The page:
The Scamp Says a Fond Farewell

Last night, after five wonderful years together, I said my final goodbye to my trusty laptop. My mom and dad bought me the laptop before I moved back to Scotland fulltime (I think, although it might have been a bit before that, I can’t really remember). It is the third or fourth Dell that I’ve owned, and I’ve gotten my money’s worth out of all of them.

That laptop has been through a lot. Countless train rides, trips on the bus, flights. It has helped me mark hundreds of papers, answer who knows how many emails, and write quite a few posts on my way to 500. I’ve had many skype chats, instant message exchanges and therapy sessions using that laptop.

I wrote the entire first draft of my PhD on that laptop. I did 85% of the research for my thesis on that laptop.

It was a good piece of equipment. There were only two times I can think of when something went wrong with it, and one wasn’t until about a year ago when the battery quick and it could only be used if plugged in.

I am stuck in lockdown at the moment so I have yet to recycle it. I wish it could be fixed and then donated somewhere to help someone who needs one given the current lockdown situation, but unfortunately, it would cost more to repair then it is worth.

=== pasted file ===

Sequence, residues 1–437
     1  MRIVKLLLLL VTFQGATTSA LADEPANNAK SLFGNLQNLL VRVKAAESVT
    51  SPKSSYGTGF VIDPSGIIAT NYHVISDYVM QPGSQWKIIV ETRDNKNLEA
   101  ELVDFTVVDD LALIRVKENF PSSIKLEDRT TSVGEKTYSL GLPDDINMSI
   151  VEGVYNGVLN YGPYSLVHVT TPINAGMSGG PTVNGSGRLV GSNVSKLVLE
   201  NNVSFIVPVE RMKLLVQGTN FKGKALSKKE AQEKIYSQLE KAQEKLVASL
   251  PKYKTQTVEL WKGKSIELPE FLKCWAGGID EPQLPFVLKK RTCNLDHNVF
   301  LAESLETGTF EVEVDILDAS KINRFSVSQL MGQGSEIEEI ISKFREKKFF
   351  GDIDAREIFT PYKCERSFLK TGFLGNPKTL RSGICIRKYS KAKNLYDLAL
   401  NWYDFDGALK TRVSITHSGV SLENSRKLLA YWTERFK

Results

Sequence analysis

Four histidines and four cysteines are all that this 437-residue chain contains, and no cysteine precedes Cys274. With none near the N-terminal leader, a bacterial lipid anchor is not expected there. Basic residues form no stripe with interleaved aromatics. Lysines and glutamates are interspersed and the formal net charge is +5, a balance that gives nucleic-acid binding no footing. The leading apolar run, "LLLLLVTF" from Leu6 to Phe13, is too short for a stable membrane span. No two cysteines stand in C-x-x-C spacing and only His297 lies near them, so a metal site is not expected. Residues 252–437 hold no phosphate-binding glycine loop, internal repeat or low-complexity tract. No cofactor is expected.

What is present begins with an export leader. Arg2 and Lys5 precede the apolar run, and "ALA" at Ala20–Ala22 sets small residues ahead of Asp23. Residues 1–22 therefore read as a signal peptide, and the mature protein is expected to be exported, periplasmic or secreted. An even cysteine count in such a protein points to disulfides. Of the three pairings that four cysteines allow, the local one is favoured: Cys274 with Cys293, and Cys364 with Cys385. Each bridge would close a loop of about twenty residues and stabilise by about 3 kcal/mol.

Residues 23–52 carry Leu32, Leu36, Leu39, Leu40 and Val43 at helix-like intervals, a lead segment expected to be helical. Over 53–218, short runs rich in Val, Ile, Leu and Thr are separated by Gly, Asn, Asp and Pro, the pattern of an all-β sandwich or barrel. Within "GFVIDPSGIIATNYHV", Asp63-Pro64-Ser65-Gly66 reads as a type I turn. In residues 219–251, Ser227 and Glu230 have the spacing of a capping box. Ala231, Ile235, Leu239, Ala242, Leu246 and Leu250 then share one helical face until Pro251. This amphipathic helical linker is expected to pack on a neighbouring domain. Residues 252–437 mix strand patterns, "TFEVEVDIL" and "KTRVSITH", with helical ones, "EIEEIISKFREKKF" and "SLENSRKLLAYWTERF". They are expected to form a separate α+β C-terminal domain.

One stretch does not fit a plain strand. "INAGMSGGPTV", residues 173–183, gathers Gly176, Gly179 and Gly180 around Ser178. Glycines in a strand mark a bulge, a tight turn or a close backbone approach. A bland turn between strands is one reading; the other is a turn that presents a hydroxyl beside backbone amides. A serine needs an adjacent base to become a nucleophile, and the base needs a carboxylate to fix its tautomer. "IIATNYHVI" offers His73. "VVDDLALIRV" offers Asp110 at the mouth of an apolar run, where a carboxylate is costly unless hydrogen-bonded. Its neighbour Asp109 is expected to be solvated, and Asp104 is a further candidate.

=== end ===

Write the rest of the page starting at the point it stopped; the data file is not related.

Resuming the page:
So for now, while everything is closed and I can’t leave my flat it is a very large paperweight collecting dust in the corner.

The Scamp Finishes a Project

Today I finished the corrections for my PhD. I’ve spent the last 6 months in agony since the disastrous viva. I avoided the corrections for about a month and half, and then the pressures of a fulltime job got the better of me and I lost the motivation to work on it. When I went to California for Christmas, I spent three weeks writing like mad and managed to get quite a bit of the rewrite done. I was feeling pretty good about myself. That slowed and then halted when I  came back to Scotland, partly because I was back to work, and partly because I came back to Scotland feeling like I hadn’t actually had a vacation.

I’ve spent the last month fighting a battle between work, fatigue and these stupid chapters. The last couple of weeks has been me staying up late, ignoring my work commitments and completely isolating myself to get it done.

But I am finally done. I think this is a better piece of work. It was the thesis that I wanted to write 5 years ago. It is something that I am proud to have my name on.  I will submit tomorrow and hope and pray that the examiners have a heart and accept the corrections. I literally have no way of knowing if they will. If they don’t, I am not sure what I will do. At the moment though, I am way too tired to think about it. I’m also behind in my work. I was meant to be taking some days off starting tomorrow, but I think I am going to have to cancel the time off so that I can attempt to catch up. To be honest, I can’t travel, so I would be working on the marking and all the work that has piled up, so I might as well get paid for it.